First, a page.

Saul Eslake: Well, it would contribute to solving the problem, but it wouldn’t be a costless solution because it would also entail cutting off the supply of, for example, people who might build more houses. That cutting migration would do something, obviously, in the short term to reduce the demand for housing, but it would probably also have an adverse impact on the supply of housing and hence isn’t a magic bullet.

Sam Hawley: So this idea of cutting migration from the Coalition, of course, from Peter Dutton and from Labor, is that the right move at this point, do you think? What do you make of it?

Saul Eslake: It’s not unreasonable for the government to want to curtail the extent of immigration we’ve seen in the last couple of years. I can understand and sympathise with the concern that politicians on both sides of the aisle will have that uncontrolled immigration, and that’s what the public perceives it to have been in the last two years or so, threatens to undermine the consensus which we’ve had in Australia for something like 80 years that a well-controlled and structured migration program is good for Australia as a society, good for the Australian economy, and of course, good for the people that we welcome into our community. And that’s something that you only have to look at the US and so many European countries today to see that if that consensus is undermined, the consequences can be very ugly indeed.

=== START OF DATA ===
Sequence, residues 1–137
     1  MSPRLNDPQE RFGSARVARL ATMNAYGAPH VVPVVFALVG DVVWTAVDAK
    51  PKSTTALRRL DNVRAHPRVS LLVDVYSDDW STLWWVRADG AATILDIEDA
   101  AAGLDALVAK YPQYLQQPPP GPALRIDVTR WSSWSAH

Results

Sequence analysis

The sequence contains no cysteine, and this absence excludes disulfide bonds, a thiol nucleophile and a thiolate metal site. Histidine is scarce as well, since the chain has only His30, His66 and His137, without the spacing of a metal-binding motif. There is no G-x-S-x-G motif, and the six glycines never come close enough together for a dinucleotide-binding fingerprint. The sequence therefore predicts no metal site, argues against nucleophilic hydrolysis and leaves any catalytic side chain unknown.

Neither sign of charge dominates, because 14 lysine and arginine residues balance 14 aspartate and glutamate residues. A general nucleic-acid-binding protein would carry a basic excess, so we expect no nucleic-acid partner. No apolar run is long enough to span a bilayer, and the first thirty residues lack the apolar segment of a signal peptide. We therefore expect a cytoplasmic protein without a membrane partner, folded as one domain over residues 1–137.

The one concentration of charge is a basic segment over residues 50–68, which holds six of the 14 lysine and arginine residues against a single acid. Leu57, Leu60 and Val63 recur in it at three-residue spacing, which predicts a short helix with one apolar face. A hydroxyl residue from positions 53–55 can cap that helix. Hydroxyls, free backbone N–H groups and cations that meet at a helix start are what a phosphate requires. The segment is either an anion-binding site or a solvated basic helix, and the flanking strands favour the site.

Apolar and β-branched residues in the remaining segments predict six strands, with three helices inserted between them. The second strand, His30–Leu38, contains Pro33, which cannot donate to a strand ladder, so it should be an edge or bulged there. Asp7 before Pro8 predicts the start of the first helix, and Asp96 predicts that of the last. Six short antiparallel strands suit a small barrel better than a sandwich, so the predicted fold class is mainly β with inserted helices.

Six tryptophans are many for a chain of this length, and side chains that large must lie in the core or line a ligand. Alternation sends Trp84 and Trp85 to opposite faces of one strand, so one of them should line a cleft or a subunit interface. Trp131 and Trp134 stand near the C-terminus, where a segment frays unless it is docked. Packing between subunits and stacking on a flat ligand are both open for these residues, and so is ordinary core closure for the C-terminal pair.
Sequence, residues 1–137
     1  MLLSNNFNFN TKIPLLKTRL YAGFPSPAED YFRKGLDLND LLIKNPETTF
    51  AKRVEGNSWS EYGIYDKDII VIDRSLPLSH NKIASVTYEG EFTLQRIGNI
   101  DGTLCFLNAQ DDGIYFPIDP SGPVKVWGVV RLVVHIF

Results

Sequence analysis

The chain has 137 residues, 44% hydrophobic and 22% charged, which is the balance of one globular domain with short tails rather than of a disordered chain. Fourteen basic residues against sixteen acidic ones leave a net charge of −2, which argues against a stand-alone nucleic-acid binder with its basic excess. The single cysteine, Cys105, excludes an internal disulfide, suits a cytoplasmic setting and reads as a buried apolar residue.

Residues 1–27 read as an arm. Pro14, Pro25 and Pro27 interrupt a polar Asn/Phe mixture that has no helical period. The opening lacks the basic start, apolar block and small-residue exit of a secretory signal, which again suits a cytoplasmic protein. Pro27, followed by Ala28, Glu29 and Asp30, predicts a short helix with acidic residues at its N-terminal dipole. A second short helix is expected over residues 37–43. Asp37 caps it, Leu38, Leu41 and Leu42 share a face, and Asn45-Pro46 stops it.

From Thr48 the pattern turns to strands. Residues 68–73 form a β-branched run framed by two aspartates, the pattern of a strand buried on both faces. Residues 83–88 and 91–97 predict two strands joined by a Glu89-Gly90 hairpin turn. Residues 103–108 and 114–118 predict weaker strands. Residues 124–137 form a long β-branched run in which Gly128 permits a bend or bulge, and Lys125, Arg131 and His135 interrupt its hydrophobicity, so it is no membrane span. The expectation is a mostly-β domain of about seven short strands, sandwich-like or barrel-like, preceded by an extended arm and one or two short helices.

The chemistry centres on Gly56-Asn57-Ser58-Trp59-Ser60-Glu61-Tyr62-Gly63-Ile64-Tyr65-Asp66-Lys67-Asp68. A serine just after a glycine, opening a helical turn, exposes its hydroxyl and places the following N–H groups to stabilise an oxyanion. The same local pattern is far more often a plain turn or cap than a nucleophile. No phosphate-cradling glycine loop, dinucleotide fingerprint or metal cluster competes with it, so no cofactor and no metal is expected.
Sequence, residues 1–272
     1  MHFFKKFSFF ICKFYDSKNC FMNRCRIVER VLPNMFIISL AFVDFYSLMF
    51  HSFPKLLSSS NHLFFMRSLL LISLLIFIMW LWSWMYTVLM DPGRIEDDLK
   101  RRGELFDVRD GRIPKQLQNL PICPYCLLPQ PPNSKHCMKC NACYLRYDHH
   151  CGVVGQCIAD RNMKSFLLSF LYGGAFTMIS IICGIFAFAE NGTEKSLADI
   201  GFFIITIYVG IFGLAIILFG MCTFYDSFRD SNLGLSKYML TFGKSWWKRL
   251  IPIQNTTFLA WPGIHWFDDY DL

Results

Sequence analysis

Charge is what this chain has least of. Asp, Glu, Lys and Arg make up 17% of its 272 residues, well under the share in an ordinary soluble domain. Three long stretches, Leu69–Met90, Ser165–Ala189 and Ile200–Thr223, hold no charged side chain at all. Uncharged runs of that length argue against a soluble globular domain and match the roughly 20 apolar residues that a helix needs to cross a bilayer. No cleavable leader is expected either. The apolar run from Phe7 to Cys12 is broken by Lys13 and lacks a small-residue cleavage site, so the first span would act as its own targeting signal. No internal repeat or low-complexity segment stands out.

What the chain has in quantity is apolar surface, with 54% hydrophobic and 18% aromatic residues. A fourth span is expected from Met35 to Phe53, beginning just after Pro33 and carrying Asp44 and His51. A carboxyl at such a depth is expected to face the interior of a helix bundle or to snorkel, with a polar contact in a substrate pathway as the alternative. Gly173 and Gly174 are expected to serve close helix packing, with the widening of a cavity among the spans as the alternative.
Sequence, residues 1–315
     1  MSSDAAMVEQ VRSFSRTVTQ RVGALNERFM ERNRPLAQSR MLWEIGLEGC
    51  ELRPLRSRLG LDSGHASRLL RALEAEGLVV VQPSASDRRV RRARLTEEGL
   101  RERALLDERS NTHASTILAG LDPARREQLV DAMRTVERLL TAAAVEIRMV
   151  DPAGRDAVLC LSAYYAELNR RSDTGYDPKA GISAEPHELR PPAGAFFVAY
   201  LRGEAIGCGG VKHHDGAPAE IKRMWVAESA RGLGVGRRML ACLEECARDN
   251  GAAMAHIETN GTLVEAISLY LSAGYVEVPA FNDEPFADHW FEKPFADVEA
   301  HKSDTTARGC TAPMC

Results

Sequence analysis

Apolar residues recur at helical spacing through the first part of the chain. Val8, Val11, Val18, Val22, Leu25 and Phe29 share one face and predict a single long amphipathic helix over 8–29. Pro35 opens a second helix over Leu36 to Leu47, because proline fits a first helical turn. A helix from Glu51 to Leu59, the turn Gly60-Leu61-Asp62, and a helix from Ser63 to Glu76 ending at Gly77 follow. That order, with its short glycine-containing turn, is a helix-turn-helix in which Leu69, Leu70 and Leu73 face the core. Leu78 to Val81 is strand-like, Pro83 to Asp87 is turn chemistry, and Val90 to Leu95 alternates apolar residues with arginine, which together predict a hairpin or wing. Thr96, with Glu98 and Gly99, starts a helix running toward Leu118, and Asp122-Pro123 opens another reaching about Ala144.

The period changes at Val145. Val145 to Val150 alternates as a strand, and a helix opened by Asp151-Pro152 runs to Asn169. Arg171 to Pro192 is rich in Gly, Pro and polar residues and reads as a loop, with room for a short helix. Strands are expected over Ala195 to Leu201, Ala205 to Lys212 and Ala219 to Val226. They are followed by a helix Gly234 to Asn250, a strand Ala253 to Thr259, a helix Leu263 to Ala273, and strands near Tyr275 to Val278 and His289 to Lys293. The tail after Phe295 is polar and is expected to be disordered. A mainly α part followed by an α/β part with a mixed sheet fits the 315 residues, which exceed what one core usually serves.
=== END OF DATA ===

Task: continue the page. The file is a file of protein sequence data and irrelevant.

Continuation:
Sam Hawley: Saul Eslake is an independent economist. This episode was produced by Bridget Fitzgerald, Jess O’Callaghan and Sam Dunn. Audio production by Anna John. Our supervising producer is David Coady. I’m Sam Hawley. ABC NewsDaily will be back again on Monday. Thanks for listening.